Are Whole Grains Bad for You?

There are a lot of controversies surrounding the consumption of grains. Some experts are of the view that people have just started eating grains about 10,000 years ago and the time is too short. But others argue that grains are already the foundation of food supply and an indispensable part of diet. Whole grains are one type of grains. Then can you eat whole grains?

Are Whole Grains Bad for You?

Under normal circumstances, whole grains are not bad for you. There is no need to eliminate whole grains from your diet. But you should avoid eating them when you are gluten intolerant. Here are some common negative beliefs of whole grains. Read to learn if they are true or not.

1.   Whole Grains Are Newly Introduced to the Diet

Experts believe that grains were not consumed about 10,000 years ago, which is the reason why some humans still lack the ability to properly digest and utilize whole grains. That is not true though. While the grains were not there for the majority of human history, it does not mean humans do not have the ability to digest them in the first place.

2.   Gluten Can Cause Allergic Reactions

Gluten is a type of protein found in whole grains that can cause allergic reactions in people. It may cause weight gain, water retention, memory issues, fatigue, and even chronic serious illnesses like cancer and heart disease. If you really think your symptoms are due to gluten intolerance, you may certainly want to try a gluten free diet to see the results.

3.   Whole Grains Can Cause Diabetes and Obesity

This is a common reason that makes you ask "are whole grains bad for you?" The argument occurs because grains cause a spike in insulin that overtime leads to obesity and diabetes. This may be true in case of processed grains but whole grains cause much less insulin release. So eating whole grains is not likely to cause diabetes and obesity.

4.   Whole Grains Can Contribute to Osteoporosis and Bone Weakness

Some experts believe that due to the presence of a chemical called phytic acid, grains will bind to calcium and eliminate it from the GI tract. This in turn will cause osteoporosis and bone weakness. Studies have now confirmed that phytic acid has nothing to do with calcium absorption and therefore does not affect bone density.

5.   Whole Grains Contain Antinutrients

Are whole grains bad for you? Those who believe grains are unhealthy often base their argument on the fact that grains contain antinutrients that affect digestion and allow the absorption of toxic materials in the body. The truth is that not all antinutrients are detrimental to good health. Lectins, phytic acid, amylase inhibitors, phenolic compounds, and saponins may actually help reduce the blood glucose level in the body. 

What Are the Benefits of Eating Whole Grains?

You already know the reasons why some people think grains are bad for your health. Most of those arguments are not based on facts; however, there are facts to support the claim that whole grains are actually beneficial.

1.   Reduced Mortality Rates

Some researchers have found that people who have included whole grains in their diet are likely to live longer. In other words, whole grains help reduce mortality rate.

2.   Lowered Risk of Type-2 Diabetes

With whole grains included in your diet, you can lower your risk of developing type-2 diabetes. There will be a 30% reduction in the risk of developing type-2 diabetes if you eat more than 5g of fiber from whole-grain cereals every day.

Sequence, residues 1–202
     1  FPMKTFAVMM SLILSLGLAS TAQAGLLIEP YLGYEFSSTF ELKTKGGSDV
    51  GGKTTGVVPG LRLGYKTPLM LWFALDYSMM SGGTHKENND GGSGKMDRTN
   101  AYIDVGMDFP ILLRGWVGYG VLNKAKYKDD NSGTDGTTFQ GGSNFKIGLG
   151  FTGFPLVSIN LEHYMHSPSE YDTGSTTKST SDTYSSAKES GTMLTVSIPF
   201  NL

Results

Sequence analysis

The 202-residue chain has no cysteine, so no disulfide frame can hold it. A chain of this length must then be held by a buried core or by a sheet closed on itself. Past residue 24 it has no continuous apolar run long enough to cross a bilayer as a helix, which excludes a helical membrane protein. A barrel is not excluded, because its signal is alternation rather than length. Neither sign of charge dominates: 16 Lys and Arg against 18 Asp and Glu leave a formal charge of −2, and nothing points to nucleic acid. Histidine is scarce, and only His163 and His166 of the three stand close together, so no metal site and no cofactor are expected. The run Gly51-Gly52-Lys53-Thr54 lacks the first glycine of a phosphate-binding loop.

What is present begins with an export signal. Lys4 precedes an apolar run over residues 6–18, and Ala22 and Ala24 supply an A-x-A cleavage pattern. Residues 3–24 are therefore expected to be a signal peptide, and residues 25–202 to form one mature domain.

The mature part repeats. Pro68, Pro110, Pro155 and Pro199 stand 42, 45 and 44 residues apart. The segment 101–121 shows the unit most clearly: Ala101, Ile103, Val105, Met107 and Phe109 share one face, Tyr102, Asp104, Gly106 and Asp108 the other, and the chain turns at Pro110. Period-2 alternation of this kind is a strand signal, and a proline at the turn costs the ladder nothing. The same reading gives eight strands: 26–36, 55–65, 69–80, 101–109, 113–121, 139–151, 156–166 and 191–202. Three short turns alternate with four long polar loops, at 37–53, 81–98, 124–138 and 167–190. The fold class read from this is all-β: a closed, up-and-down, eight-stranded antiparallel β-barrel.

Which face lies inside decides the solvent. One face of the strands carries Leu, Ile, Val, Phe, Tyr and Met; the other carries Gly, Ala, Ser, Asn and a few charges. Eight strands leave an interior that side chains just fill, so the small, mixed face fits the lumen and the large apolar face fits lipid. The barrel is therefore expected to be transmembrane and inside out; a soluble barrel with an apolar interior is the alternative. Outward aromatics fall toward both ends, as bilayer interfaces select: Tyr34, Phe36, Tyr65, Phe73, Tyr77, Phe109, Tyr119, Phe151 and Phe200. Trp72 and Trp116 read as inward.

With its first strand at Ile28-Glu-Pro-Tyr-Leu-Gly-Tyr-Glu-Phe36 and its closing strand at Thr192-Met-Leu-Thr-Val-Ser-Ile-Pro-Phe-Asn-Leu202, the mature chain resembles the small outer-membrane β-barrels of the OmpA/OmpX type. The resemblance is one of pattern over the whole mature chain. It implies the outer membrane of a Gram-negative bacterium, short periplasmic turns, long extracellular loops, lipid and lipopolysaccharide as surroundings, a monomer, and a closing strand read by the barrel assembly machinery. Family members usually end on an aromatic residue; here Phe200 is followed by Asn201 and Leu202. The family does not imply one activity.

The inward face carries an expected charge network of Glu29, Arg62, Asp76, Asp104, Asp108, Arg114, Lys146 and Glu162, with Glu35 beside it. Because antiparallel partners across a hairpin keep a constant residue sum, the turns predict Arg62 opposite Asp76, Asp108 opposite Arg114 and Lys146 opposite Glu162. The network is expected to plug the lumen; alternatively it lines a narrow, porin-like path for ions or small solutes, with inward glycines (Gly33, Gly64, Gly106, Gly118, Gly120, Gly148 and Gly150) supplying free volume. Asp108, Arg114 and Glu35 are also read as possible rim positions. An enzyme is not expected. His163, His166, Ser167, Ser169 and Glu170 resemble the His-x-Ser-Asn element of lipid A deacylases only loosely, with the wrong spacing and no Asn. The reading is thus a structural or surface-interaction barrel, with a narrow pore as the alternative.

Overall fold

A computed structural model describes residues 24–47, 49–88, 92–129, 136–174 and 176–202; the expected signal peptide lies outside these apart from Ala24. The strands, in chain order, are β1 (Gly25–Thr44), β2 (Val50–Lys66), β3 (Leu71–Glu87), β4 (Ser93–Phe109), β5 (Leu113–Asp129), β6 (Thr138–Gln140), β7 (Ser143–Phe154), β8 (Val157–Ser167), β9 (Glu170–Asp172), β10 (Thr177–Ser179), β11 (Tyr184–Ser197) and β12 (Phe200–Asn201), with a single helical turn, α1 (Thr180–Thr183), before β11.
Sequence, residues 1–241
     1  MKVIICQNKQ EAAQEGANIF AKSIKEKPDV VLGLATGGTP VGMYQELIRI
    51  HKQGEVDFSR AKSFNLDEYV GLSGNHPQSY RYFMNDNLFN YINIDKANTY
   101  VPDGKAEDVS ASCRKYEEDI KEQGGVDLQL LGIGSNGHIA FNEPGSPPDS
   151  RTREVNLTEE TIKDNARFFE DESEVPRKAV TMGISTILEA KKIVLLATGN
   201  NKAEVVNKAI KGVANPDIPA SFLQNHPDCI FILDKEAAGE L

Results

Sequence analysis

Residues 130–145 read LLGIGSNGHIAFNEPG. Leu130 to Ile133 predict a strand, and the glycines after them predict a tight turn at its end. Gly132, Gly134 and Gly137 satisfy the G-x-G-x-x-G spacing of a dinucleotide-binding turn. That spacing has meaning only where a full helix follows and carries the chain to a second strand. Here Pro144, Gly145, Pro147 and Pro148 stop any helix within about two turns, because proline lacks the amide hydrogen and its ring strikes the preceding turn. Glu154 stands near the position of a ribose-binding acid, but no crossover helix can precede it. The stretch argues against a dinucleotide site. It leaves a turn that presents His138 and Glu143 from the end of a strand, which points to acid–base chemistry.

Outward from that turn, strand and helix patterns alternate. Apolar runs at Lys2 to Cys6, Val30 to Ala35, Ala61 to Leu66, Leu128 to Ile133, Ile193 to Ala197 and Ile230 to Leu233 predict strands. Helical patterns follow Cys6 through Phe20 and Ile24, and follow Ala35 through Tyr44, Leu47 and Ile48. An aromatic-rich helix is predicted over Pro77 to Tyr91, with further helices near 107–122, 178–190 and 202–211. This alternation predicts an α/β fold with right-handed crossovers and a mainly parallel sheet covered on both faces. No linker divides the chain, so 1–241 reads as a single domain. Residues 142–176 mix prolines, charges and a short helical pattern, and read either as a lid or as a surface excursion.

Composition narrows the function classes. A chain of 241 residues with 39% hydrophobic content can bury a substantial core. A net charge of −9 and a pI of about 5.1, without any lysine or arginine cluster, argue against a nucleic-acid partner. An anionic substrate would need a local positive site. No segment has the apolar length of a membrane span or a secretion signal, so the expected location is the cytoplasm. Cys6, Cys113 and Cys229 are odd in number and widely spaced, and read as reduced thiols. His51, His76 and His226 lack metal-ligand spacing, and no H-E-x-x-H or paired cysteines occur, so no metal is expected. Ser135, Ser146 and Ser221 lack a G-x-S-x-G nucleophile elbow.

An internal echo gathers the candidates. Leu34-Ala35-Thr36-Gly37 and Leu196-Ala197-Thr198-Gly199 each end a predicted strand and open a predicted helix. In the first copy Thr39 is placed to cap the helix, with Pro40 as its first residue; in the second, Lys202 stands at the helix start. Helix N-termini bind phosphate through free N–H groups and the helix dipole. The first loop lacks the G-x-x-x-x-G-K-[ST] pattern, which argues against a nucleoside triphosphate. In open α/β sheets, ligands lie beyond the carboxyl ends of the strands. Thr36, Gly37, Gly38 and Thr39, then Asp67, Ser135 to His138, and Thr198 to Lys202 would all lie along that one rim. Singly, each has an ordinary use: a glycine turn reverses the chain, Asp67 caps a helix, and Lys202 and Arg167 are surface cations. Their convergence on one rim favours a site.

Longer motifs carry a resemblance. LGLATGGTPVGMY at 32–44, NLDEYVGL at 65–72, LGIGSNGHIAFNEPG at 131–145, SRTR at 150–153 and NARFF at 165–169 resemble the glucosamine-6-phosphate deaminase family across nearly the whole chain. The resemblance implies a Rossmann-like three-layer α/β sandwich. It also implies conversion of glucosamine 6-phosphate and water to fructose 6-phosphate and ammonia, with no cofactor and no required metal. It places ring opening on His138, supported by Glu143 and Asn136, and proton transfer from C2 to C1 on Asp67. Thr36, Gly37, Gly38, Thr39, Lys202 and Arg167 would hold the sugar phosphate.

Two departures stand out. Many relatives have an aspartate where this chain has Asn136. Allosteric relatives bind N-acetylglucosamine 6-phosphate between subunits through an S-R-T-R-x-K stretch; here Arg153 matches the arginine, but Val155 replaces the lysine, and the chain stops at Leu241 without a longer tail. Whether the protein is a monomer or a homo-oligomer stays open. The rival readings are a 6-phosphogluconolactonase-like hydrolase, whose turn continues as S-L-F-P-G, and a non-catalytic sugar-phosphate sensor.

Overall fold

3.   Proper Weight Management

Including whole grain foods in your diet not only lowers your body weight but helps you maintain a healthy weight over time. Eating 2-3 servings of whole grain foods daily may help you have lower body mass index and keep you from putting on a lot of weight.

4.   Lowered Risk of Metabolic Syndrome

Metabolic syndrome increases your risk of developing heart disease, diabetes, and stroke. Research shows that you are less likely to develop this condition if your diet includes whole grains and cereal fiber.

5.   Low Blood Cholesterol Levels

Regular consumption of whole-grain foods may help keep your blood cholesterol levels in control. Studies have found that simply adding oats to a low-fat diet may help you reduce your blood cholesterol by 8-9mg/dL in three weeks. Oats contain antioxidants that help lower your blood cholesterol levels by preventing blood cells from sticking to artery walls.

6.   Decreased Blood Pressure

Are whole grains bad for you? No, when it comes to blood pressure. Studies show that eating whole grain foods may significantly reduce blood pressure and improve other risk factors for cardiovascular disease. 

7.   Lowered Risk of Cancer

Over 40 studies conducted on 20 types of cancer have found that there will be a significant reduction in your cancer risk if you regularly eat whole grains.

Precautions for Eating Whole Grains

Be sure to read ingredient labels before buying whole grain foods. You should be buying something with whole grains listed at the top. Some common examples of whole grains are brown rice, barley, oatmeal, bulgur, buckwheat, and popcorn. Do not overlook the information about the sugar and calorie content of the food.

It is important to bear in mind that if you have included lots of whole grain foods in your diet, you may want to increase your folic acid intake since most whole grain foods do not have enough folate. So you should take a folic acid supplement, or eat more veggies, fruits, and legumes to get enough folic acid. Folic acid is especially important during pregnancy.

 
 
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